BOGACZYK: Herd's Samuel Puts His `Nose' to the Grindstone
The Word on the Herd-August 18, 2014
By JACK BOGACZYK
HUNTINGTON, W.Va. -- In vying for a starting role on Marshall’s 2014 defensive line, nose tackle Jarquez Samuel hoped to make an impression on Herd coaches.
He’s gone one step farther. The redshirt junior from Valdosta, Ga., has made an impression – regularly – on Marshall’s offensive front, so much so that Samuel and veteran center Chris Jasperse found themselves going nose to nose during one of last week’s practices.
“It’s all love, all love,” Samuel said of his tussle with Jasperse that ended up with both on the Edwards Stadium turf. “It’s just fun going against the offensive line. I know it’s fun for them to go against us, too, and we’re just competing.’
Samuel and fellow junior Steve Dillon have battled all camp for the nose starting job, trying to replace two-year starter Brandon Sparrow. With one week of August camp left and then a week of game preparations for an Aug. 30 opener at Miami (Ohio), Samuel has been the Herd’s most impressive defensive lineman in drills.
“Steve Dillon and me, it’s so fun,” Samuel said. “We just compete. We both will play. We both need to play. I love Steve and Steve loves me. We just come out and practice every day and try to make each other better.”
The 6-foot-4, 273-pound Samuel has been very effective stopping the run and has been getting push against the Herd offensive front regularly. That’s because he’s not only stronger than he was a year ago, but wiser, too.
“I think it’s a maturity factor that comes along with just being a little physically tougher than he was,” said J.C. Price, the Herd’s defensive tackles coach. “Even right now, Jarquez is fighting through the bumps and bruises of camp and there’s no drop off in his play.
“Where before, when he had a nick or something, his productivity and the way he played would suffer. Right now, there’s no drop off, even though he’s going through the grind of camp.”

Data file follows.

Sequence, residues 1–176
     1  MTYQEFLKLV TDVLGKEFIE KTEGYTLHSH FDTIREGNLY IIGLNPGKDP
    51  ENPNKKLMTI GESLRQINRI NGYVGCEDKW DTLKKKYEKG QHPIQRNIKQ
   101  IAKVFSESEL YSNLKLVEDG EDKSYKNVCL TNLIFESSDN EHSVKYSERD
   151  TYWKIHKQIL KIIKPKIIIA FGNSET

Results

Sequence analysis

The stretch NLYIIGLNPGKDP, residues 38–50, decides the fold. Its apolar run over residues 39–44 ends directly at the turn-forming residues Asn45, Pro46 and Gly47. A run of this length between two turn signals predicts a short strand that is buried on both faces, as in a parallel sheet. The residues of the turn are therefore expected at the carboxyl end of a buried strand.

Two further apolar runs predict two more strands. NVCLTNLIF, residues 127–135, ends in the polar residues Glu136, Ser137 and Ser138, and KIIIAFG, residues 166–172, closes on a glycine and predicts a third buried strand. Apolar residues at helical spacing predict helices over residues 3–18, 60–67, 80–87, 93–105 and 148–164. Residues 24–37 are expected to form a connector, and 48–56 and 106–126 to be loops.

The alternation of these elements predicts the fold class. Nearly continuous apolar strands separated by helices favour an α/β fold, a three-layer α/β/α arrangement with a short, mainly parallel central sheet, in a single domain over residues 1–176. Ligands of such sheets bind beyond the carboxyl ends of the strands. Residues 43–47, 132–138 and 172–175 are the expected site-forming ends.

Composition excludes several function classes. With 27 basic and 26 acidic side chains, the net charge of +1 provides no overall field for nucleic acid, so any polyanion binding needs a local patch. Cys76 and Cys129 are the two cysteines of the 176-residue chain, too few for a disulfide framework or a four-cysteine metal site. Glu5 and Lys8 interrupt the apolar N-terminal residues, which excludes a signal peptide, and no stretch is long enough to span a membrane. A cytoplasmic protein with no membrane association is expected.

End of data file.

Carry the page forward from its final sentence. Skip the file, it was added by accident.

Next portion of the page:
Samuel has long arms, too, and he’s learned to use those, Price said.
“The difference between the way he’s playing now and the way he played last season -- and he started doing this toward the end of spring practice – is his pad level,” Price said. “He’s a big, long guy, and tall guys have a natural leverage, really long arms, so all of the attributes were there.
“But if you don’t play low and get off the ball faster than the offensive linemen, then you’re going to be in trouble. He’s really playing with great pad level right now.”
Price explained that Samuel and Dillon played roles last season like that of a middle reliever in baseball. They backed up and picked up Sparrow. Now, one of them could be the guy, but it seems likely that the Samuel/Dillon hybrid will simply give the Herd more talent in what figures to be about an 8- or 9-player rotation on the defensive front four.
Samuel gave plenty of credit for his rise to the Marshall second-year strength and conditioning coach, Scott Sinclair. He credits Price with building a confident player through proper techniques, too.
“Coach Sinclair, oh man, I had a good summer,” Samuel said. “I got faster, got stronger (improving his three weight lifts by 105 pounds). He’s really good strength coach and he helped me out a lot this summer to get where I am now.
“Hands … we’ve got to use our hands. With Coach Price, every time we come out for practice we do a hand drill … Our hands are the only way to get away, to separate. He preaches using our hands and that’s helped me a lot.”
Samuel said the personnel rotation in the defensive front and the flip-flopping at nose with Dillon hasn’t been an issue in trying to find consistency in his own game.
“It’s not a problem,” Samuel said, “because you’ve got to have confidence in the guy next to you that he can do the same thing (tackle James) Rouse can and does, or Steve does or Rico (tackle Ricardo Williams) does, or the ends do.
“So, you start out by getting a feel for it, but after a while, you keep rolling in and out, and you get used to it.”
Price, an All-American nose at Virginia Tech in the mid-90s, knows what Samuel is trying to master. Much of it is attitude, the Herd line coach said.
“There’s nothing natural about putting your hand on the ground in there and getting run into by two offensive linemen,” Price said. “There’s a term we use, and it’s ‘ITS’ -- and I’m not going to talk about what that means -- and everything happens a little faster inside, everything’s a little more physical inside in the A and B gaps. And he’s just doing a great job of being mentally tough.”
ITS is an acronym for “in the (stuff).”
“It’s just the mental challenge of doing it over and over and over and over again every day,” Price said. “and Jarquez is finally to the point where he’s doing it.”